Policy Memo

To: President Carol Quillen

From: Becca Ravitz, Davidson College Class of 2018

Date: March 2016


Commons Dining Hall is buffet style, so customers can take as many helpings of food and drinks as they would like, as long as they do not leave the building with food. Commons provides trays for people to fit more plates and drinks at one time. The used trays go through a constant wash cycle that uses up a large amount of water. The amount of energy it takes to heat the water used to wash the dishes and trays, the water itself, and the leftover food thrown away can all be greatly reduced if the right policies were implemented. Reducing energy waste at Commons is a win-win situation because the college will save money while becoming more sustainable. Davidson College takes pride in its conservation efforts, but the tray dining style at Commons is a step backward in conserving energy. Recently, Davidson implemented a mandatory meal plan for students graduating after 2017 in order to generate more profits to provide a wider variety of food (“Meal Plans” 2016). However, this mandatory meal plan has unintended consequences, such as students feeling the need to pile on more food and drinks on their trays to get their money’s worth. In this memo, I compare four potential policy options using a decision analysis formula to determine the most feasible and effective option. I propose that Davidson College adopt a trayless dining style at Commons to allow the school to save thousands of dollars from food and energy waste, become more sustainable by wasting less energy, and help students avoid over-eating.

Analysis of Policy Options

  1. Do Nothing

Doing nothing would continue the current cycle of wasting excess food and energy. There would be no change in costs or sustainability efforts for Davidson. This option may please students the most because they would not have to change their dining habits at Commons. This option is feasible because no steps are required, but ineffective because it does not reduce food and energy waste or save money.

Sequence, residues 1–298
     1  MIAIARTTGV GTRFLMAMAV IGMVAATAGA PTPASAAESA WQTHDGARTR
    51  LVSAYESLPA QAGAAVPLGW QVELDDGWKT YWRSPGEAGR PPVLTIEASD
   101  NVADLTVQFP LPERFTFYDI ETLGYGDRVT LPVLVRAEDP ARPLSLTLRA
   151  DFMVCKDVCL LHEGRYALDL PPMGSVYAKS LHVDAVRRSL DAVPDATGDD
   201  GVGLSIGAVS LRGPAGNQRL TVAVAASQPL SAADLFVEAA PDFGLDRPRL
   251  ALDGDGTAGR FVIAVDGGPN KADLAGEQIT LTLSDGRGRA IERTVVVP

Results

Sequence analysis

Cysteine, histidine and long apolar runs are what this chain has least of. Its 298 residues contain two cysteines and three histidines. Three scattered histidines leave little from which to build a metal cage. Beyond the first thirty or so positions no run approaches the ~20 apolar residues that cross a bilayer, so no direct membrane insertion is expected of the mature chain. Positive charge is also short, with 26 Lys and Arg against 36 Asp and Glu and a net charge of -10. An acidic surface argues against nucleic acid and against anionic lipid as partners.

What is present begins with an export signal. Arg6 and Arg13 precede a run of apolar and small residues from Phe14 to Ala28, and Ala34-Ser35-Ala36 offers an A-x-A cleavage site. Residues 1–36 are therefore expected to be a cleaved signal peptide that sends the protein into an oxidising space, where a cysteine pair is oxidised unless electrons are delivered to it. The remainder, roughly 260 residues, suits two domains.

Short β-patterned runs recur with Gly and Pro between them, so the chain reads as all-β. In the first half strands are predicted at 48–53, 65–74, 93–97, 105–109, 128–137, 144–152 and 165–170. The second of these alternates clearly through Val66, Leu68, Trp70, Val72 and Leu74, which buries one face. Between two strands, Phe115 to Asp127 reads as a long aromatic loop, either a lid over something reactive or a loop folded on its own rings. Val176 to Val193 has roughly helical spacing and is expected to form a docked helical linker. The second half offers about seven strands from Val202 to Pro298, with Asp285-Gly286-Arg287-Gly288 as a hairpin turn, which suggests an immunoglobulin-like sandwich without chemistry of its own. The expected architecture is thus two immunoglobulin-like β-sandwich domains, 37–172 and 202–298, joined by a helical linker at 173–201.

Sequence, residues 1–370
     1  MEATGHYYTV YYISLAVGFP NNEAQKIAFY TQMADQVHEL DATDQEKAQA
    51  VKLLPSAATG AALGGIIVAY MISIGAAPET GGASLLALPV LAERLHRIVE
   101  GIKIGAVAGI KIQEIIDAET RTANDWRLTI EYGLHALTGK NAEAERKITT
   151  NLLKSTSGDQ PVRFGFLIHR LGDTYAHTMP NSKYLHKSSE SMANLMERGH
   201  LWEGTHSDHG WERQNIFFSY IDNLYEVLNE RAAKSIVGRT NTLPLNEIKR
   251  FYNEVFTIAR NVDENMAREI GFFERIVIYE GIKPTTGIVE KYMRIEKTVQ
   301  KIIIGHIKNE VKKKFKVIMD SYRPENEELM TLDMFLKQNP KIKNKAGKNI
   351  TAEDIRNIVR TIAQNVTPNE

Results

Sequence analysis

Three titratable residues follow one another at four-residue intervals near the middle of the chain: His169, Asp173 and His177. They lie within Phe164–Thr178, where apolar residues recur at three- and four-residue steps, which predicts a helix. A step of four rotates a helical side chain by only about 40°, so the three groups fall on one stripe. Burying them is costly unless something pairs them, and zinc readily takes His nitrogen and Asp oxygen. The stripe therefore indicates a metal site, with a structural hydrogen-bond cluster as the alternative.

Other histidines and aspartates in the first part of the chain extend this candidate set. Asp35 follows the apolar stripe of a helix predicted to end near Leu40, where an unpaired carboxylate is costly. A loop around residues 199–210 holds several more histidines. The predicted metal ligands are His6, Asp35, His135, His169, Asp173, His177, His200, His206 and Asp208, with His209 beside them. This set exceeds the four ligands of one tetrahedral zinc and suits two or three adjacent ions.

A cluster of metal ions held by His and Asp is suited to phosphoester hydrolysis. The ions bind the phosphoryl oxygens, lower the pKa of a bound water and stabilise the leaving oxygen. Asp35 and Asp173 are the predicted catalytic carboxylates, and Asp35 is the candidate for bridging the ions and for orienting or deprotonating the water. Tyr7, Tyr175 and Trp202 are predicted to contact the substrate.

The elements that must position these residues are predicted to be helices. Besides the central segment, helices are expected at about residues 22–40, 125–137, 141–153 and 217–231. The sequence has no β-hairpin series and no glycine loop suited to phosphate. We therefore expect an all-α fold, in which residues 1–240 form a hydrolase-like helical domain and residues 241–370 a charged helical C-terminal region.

1. Trayless Commons

This option would make the trays unavailable for people eating at Commons. People would not be able to carry as much food at once, which will likely reduce the amount of food consumed and wasted. This will save the school money on food costs, water costs (from washing the trays), and the energy costs of heating the water and running the dishwashing cycle. Students and staff may disapprove of this change because it is less convenient. A study released by the Journal of Hunger & Environmental Nutrition found a 32% reduction in food waste and a 27% reduction in dish use when trays were no longer an option at college dining halls (Kim and Morawski 2012). This plan is very feasible because the only necessary step is removing the trays.

  1. Raise Meal Plan Costs

Raising meal plan costs will raise more money for Davidson, especially because Commons is the only dining hall on campus so it is on high demand, and all classes after the Class of 2017 have mandatory meal plans (“Meal Plans” 2016). The extra money raised would offset the high energy costs of washing the trays. Higher costs may also dissuade students from choosing the higher priced meal plans, which would reduce food and energy waste, but also reduce profits. Additionally, the increase in price will anger students because the current meal plan prices are already steep, and students are already upset about making meal plan mandatory last fall (Ey 2014). This plan does not guarantee environmental benefits because it does not directly reduce food and energy waste.

  1. Change From Buffet Style to Individually Pricing the Food